Douglas had a vision of a great highway of commerce down the centre of the mainland colony. In little more than two years, he was to achieve what seems almost a miracle: a wagon road, eighteen feet wide and four hundred miles long, connecting the wealthy new gold fields of the Cariboo to the older coastal settlements
Douglas was born in Guyana. His mom Martha Ann Ritchie, originally from Barbados, was a free Creole whose family moved to Guyana for better employment in the late 1790’s. His father John Douglas, a Scottish merchant planter, took James and his brother to Scotland at age nine. James never saw his mom again, never returning to Guyana. After schooling, James moved at age sixteen to Canada and apprenticed with the Northwest Company, which eventually merged with the rival Hudson’s Bay Company. James spoke French so well that he was even able to lead Prayer Book worship services in French with the other voyageurs.
At Fort St. James he married Amelia Connolly, whose father was an Irish-French fur trader and whose mother was a Cree Chief’s daughter. The Douglas family moved to Fort Vancouver, Washington where James quickly became the Hudson Bay Company Chief Factor in 1839. While still at Fort Vancouver, he had set down in a notebook four tasks that he hoped to achieve. These were: “The moral renovation of this place; Abolition of slavery within our limits; Lay down a principle and act upon it with confidence; The building of a church of Christ in this place.”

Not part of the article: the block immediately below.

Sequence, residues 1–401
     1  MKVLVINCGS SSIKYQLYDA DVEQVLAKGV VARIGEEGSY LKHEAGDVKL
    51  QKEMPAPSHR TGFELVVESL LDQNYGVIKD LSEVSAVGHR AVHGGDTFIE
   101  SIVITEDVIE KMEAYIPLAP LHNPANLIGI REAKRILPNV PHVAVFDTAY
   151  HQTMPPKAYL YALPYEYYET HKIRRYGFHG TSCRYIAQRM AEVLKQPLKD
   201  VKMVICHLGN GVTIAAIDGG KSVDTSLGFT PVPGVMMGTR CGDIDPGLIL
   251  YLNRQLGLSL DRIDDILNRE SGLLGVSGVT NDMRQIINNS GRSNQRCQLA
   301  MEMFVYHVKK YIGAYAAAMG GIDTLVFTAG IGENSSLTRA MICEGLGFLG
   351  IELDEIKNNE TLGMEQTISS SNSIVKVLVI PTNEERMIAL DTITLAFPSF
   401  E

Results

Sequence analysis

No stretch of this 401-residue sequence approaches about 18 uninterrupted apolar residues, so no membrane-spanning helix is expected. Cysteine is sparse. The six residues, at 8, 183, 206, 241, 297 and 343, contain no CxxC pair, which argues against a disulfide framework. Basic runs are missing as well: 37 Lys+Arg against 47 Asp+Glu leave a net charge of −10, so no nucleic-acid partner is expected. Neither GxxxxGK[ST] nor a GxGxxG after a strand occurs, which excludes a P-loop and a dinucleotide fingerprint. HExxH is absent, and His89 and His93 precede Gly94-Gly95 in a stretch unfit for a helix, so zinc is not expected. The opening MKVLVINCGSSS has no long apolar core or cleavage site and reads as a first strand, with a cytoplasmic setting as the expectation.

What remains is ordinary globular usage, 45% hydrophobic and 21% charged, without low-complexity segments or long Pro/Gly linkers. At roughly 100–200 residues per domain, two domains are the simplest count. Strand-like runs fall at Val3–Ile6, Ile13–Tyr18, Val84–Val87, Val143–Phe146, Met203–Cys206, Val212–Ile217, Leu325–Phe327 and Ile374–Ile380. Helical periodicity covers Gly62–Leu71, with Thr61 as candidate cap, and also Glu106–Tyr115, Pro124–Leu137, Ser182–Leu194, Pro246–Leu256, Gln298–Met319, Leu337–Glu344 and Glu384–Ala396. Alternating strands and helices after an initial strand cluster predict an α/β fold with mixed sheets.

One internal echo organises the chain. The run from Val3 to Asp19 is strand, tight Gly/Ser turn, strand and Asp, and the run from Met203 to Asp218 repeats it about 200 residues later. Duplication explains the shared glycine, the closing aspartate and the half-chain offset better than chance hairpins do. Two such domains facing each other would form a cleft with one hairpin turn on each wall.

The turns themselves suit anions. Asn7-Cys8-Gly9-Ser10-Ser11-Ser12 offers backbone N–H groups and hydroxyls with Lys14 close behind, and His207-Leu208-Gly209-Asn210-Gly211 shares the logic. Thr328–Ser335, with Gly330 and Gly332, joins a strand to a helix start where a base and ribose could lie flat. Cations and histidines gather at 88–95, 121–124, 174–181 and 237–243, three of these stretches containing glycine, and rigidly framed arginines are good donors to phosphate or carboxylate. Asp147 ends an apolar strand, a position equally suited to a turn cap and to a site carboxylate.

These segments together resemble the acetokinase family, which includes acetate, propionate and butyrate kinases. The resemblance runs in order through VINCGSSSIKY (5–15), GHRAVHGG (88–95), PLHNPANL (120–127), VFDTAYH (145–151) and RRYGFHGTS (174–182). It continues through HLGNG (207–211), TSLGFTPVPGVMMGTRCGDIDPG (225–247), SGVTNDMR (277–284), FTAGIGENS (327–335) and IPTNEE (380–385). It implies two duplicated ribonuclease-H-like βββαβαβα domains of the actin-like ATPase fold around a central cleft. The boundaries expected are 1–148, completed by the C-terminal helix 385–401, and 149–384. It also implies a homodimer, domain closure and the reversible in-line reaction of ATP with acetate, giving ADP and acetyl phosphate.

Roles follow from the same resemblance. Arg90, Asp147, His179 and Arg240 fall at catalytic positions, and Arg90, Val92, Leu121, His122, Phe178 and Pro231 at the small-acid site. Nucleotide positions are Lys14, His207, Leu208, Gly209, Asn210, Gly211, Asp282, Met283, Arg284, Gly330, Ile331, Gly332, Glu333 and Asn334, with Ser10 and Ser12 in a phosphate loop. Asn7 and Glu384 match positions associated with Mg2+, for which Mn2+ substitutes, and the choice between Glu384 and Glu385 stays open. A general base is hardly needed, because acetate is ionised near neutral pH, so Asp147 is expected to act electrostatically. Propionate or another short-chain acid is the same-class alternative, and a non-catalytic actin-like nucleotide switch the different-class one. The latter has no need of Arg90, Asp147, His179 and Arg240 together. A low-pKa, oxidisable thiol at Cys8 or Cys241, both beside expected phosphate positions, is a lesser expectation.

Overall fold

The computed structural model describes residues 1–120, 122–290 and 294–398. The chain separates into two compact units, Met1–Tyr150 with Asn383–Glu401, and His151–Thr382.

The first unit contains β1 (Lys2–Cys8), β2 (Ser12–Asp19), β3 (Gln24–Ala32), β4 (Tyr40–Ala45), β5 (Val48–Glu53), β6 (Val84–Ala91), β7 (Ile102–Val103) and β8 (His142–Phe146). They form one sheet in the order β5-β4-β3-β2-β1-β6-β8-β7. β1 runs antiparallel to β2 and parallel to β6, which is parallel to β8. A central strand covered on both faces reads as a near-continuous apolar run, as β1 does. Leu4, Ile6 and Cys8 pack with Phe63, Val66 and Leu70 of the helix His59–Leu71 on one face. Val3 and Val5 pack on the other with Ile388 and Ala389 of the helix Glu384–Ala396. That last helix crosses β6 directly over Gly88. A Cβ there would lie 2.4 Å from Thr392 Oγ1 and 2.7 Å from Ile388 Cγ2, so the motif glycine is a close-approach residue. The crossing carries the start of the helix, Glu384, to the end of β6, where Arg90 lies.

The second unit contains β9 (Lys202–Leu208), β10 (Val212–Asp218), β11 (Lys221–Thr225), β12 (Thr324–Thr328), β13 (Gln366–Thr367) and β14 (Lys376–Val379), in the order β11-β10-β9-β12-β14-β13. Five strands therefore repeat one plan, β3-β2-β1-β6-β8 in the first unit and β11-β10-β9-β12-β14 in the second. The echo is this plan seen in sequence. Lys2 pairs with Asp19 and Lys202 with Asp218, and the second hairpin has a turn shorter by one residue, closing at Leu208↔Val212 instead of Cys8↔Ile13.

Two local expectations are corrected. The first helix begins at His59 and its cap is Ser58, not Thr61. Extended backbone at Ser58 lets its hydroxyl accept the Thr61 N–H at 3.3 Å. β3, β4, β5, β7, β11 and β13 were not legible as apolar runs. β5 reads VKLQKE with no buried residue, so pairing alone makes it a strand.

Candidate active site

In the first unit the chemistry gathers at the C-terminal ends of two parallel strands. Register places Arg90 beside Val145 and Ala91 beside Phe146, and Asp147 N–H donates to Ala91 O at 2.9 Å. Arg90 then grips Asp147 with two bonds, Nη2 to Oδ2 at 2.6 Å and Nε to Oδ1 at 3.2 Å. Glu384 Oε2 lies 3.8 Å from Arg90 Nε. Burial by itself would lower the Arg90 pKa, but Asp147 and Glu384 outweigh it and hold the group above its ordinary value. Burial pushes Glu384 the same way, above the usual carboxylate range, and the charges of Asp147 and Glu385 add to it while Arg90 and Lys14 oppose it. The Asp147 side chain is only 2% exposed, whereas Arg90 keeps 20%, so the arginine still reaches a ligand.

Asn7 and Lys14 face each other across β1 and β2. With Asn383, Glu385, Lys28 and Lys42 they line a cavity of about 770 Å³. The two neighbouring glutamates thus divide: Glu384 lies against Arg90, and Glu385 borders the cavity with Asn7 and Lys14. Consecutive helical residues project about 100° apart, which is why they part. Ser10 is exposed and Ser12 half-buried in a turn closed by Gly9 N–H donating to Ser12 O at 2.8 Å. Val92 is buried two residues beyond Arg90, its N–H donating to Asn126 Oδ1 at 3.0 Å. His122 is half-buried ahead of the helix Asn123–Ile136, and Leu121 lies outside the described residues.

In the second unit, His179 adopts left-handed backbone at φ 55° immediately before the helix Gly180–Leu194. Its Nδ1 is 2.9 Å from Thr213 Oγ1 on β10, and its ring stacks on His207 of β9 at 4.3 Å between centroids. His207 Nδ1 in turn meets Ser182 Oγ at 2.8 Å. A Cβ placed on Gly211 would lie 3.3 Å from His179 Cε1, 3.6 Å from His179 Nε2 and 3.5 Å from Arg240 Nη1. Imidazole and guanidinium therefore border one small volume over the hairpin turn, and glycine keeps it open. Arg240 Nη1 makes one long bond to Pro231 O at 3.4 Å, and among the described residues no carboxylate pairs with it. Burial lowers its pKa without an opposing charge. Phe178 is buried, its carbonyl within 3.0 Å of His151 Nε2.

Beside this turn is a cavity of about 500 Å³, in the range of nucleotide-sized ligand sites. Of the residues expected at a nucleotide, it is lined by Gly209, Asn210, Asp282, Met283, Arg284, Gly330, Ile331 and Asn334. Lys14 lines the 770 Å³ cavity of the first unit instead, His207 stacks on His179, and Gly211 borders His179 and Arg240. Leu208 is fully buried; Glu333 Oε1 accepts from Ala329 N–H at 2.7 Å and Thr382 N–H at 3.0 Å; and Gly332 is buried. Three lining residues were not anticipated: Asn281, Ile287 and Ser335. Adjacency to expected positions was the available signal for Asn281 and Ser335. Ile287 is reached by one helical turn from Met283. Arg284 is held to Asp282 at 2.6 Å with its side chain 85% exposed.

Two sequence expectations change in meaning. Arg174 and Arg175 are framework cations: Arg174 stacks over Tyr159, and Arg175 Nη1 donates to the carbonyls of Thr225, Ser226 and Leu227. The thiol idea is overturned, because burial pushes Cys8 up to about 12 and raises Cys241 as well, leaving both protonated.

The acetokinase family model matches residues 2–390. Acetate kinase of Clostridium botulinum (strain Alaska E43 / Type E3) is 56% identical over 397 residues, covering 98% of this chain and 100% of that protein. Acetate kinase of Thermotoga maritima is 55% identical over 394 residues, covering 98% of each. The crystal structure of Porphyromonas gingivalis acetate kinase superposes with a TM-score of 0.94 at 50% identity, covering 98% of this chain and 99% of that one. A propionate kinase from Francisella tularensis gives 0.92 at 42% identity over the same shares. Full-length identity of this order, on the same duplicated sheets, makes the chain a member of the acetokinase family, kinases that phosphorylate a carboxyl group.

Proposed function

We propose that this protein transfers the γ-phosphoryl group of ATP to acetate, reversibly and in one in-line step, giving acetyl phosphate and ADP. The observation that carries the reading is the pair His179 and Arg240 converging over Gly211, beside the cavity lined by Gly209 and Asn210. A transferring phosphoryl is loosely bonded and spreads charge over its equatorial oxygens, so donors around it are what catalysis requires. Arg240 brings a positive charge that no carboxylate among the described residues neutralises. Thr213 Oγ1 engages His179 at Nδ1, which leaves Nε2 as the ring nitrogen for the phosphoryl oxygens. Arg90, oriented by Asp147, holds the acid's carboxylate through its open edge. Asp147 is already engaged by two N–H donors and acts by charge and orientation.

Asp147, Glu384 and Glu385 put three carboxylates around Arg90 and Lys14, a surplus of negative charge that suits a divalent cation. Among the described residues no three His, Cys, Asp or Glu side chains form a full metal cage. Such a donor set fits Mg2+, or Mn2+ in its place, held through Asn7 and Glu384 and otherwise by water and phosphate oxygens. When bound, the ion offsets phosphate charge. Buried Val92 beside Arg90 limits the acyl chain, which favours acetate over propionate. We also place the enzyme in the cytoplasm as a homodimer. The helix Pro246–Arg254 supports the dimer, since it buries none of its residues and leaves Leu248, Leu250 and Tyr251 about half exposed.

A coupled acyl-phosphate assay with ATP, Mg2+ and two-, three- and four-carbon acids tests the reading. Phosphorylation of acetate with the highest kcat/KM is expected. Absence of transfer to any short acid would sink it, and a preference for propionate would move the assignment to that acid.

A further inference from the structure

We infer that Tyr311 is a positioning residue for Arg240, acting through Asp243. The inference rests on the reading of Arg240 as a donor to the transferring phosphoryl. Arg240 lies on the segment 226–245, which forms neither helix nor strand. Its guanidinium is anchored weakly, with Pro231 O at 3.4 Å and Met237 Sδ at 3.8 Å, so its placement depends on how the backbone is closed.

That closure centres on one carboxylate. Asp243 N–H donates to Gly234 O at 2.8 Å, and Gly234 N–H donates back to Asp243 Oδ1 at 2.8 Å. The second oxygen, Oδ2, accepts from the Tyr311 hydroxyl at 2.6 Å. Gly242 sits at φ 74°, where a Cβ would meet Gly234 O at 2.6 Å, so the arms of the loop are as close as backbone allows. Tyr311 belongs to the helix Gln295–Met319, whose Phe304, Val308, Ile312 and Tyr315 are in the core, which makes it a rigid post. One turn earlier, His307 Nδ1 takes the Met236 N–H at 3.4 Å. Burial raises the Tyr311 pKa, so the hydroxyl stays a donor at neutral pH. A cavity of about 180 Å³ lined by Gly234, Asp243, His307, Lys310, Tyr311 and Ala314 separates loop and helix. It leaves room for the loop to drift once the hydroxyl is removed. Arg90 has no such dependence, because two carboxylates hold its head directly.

As it became more obvious that everything below the 49th Parallel would become American territory, James Douglas was sent to Vancouver Island to relocate the Hudson’s Bay Fort. On March 14, 1843 Douglas founded the new capital Fort Victoria. In 1851 Douglas was appointed the second Governor of the Colony of Vancouver Island.
When the1858 Gold rush struck BC, Douglas noted: “this country and Fraser’s River have gained an increase of 10,000 inhabitants within the last six weeks, and the tide of immigration continues to roll onward without any prospect of abatement.” Writing to Lord Stanley, Douglas predicted that ‘in the course of a few months there may be one hundred thousand people in the country.’
James Douglas preserved BC from absolute chaos during the 1858 Gold rush. With tens of thousands of American gold miners descending upon BC, James Douglas held back a avalanche that would have irrevocably swept BC out of any Canadian orbit. As historian Derek Pethick commented, “It is in the hour of crisis, when all but the bravest would have abandoned the unequal struggle, one man stood up and was counted. That man was James Douglas.” There is no doubt that Canada as we know it ‘from sea to shining sea’, would not exist today without Governor Douglas, one of the greatest of the Fathers of Confederation.
Governor Douglas had an outer exterior of implacability, but in his private family life he showed great depths of feeling. Upon the death of his daughter Cecilia, Douglas lamented: ‘She was the joy of my eyes, the light of my life; her ear was ever open to the calls of distress; the poor and afflicted never appealed to her in vain; they will miss her sympathizing heart and helping hand.’
Douglas deeply loved nature as seen in a letter to his daughter Martha: ‘The sweet little robin is pouring out his heart in melody, making the welkin ring with his morning song of praise and thanksgiving. Would that we were equally grateful to the Author of all good.” In giving advice to his son James, Douglas commented: “We are all poor frail creatures when left to ourselves; our sufficiency is of the Lord; we must look to him for strength and guidance in the hour of trial. His power is sufficient for us…”